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Opinions of Saturday, 26 February 2022

Columnist: Anthony Obeng Afrane

Ghana needs Mahama's experience for a massive economic takeoff

Former President John Dramani Mahama Former President John Dramani Mahama

For some time now the question, “who is the most experienced politician in the history of Ghana?” keeps invading my thoughts. As I was pondering over this, I stumbled over some information that makes President John Dramani Mahama unarguably the titleholder. Check out this:

He was an MP for three terms, Deputy Communications Minister from 1997 to 1998. He became the substantive Minister for Communications from 1998 to 2001. H.E. John Dramani Mahama served as the chairman of the National Communication Authority and played a key role in stabilizing the Ghana telecom sector after the deregulation in 1997.

He also served as a member of the Pan African Parliament where he was chairman of the West Africa Caucus. He was the Minority Parliamentary Spokesman for communications from 2001 to 2004, and NDC National Director of Communications in 2002.

In 2005, Mr. Mahama was the Minority Parliamentary Spokesman for Foreign Affairs and became Vice President of the Republic of Ghana on 7th January 2009. He became a caretaker president in 2012 when President Atta Mills died. The young man from Bole was sworn in as President on 7th January 2013, after winning a one-touch presidential election in 2012.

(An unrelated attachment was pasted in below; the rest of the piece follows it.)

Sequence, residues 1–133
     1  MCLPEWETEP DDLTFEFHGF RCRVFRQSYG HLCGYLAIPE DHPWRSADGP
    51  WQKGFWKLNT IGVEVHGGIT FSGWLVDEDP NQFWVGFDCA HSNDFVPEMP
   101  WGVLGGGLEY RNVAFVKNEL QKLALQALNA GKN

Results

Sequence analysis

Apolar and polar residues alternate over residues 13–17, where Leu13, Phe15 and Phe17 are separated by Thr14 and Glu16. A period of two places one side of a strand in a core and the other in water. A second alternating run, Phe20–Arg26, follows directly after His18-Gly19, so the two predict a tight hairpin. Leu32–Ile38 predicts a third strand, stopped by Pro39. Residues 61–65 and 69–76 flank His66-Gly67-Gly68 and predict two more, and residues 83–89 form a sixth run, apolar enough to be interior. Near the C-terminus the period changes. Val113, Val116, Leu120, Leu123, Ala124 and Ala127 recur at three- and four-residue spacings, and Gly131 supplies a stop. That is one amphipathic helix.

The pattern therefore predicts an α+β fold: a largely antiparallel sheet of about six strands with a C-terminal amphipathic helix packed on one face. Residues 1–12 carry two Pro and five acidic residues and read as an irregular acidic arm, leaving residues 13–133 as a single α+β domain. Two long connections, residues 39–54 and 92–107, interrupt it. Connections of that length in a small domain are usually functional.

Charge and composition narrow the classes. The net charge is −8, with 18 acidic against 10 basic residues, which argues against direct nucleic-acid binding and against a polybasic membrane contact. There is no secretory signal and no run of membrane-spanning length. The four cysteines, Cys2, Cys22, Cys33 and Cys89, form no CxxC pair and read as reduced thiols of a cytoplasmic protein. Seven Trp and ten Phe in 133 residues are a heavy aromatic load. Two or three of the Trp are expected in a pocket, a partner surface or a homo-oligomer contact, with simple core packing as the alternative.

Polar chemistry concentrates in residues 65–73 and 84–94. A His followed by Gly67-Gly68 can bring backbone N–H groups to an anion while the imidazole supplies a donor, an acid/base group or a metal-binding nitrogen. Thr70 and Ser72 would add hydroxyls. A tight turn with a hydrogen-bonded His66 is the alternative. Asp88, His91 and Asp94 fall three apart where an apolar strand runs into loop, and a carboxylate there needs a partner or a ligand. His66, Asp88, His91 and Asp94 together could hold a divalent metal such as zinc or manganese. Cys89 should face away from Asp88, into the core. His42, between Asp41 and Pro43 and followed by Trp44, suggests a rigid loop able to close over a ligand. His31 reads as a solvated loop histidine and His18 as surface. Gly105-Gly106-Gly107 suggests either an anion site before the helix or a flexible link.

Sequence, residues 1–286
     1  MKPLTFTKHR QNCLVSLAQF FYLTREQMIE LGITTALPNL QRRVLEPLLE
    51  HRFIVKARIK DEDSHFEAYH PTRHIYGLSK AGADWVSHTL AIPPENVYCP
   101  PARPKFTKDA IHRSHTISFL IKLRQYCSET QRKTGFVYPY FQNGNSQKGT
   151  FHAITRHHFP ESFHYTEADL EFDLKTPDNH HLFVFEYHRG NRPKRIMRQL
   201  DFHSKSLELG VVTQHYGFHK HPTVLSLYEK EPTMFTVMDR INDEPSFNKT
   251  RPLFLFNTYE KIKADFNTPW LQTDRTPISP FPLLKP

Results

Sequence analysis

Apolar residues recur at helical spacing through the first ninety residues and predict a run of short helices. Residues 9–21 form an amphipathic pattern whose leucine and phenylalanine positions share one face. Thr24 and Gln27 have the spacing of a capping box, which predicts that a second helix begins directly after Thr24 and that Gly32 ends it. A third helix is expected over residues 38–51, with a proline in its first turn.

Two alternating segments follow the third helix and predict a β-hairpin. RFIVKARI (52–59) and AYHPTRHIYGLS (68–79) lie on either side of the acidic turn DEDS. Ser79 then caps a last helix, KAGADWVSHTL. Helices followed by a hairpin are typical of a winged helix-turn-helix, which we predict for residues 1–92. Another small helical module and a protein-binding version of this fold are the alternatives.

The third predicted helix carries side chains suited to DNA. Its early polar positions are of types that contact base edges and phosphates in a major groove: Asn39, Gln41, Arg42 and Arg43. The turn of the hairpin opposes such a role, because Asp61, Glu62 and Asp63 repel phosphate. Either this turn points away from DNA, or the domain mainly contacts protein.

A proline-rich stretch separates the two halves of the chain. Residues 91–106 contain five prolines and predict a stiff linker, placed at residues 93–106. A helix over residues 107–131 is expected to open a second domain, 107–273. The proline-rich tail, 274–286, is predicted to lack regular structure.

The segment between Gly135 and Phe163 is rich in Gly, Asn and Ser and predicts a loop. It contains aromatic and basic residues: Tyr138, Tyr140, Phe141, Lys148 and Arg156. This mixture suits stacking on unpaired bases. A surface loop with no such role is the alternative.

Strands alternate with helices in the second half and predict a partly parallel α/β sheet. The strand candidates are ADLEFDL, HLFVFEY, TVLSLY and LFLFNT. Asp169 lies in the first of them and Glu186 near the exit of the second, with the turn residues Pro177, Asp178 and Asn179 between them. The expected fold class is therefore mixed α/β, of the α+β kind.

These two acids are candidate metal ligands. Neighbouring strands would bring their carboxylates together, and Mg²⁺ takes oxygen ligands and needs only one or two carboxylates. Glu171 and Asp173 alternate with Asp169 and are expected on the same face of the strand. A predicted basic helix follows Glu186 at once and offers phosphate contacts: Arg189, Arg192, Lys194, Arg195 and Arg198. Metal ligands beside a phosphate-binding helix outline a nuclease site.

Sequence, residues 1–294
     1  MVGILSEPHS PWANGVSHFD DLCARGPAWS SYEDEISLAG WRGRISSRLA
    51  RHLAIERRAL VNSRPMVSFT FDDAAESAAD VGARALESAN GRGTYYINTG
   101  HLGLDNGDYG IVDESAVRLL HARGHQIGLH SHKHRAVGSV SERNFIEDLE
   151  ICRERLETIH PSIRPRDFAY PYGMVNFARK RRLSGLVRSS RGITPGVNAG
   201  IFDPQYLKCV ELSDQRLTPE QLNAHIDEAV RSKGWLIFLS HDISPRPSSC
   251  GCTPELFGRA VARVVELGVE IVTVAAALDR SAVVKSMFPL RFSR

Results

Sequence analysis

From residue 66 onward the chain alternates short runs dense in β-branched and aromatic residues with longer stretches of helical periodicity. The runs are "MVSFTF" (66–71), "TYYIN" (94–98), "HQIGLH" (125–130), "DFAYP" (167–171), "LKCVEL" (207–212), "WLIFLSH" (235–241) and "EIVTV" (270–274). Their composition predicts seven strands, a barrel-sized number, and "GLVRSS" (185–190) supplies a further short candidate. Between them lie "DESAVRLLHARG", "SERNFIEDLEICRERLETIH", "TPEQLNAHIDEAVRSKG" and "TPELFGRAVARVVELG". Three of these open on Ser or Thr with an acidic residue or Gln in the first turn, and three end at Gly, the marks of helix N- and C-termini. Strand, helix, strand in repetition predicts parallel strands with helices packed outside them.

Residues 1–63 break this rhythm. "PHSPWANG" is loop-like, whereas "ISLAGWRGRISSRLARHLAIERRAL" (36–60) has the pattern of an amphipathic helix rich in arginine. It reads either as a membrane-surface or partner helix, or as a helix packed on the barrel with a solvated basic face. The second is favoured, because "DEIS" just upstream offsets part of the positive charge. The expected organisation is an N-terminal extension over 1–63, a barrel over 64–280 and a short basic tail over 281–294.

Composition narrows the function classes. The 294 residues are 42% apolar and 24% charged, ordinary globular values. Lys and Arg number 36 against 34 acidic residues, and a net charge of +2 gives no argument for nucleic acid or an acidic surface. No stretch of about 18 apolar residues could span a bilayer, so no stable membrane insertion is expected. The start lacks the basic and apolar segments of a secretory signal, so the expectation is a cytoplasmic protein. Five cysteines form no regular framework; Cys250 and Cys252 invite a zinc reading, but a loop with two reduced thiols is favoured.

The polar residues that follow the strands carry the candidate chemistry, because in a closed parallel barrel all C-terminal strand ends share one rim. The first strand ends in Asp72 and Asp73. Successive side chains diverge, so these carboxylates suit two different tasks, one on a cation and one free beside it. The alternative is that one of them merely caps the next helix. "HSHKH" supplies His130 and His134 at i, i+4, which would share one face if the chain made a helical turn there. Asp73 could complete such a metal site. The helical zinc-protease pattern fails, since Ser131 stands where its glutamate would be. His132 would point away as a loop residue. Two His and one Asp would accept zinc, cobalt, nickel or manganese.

On the international front, he was elected chair of ECOWAS for two terms and was also elected chairman of the AU Trade Committee. There are more: he was co-chairperson of the group of sixteen SDGs advocates set up by the UN.

He was head of the Commonwealth Observer Mission to Kenya, head of ECOWAS Election Observer team to Liberia, and member of the Commonwealth Observer Mission to Sierra Leone, just to mention a few. Importantly, he has lost an election as a sitting president; an experience that cannot be underestimated.

Former President Mahama’s next bid is going to be a doozy of brilliant collaboration of experience and learned lessons, and such wealth of experience is very much needed to make Ghana the pride of Africa, and I have no doubt that a second chance for him will be fructified.

I like an Akan proverb that says that if someone who has chewed a calabash tells you he will chew a crab, you shouldn't doubt him. President Mahama has chewed and swallowed a calabash by solving the most difficult challenge of our nation, infrastructure development; therefore, no one should doubt him if he says he will chew a crab; putting the economy in shape and creating jobs in his second term to give full meaning to the change we are craving for.

Ghana has profoundly missed him; and as my two-year-old granddaughter will say, “Mamama Onaapo.”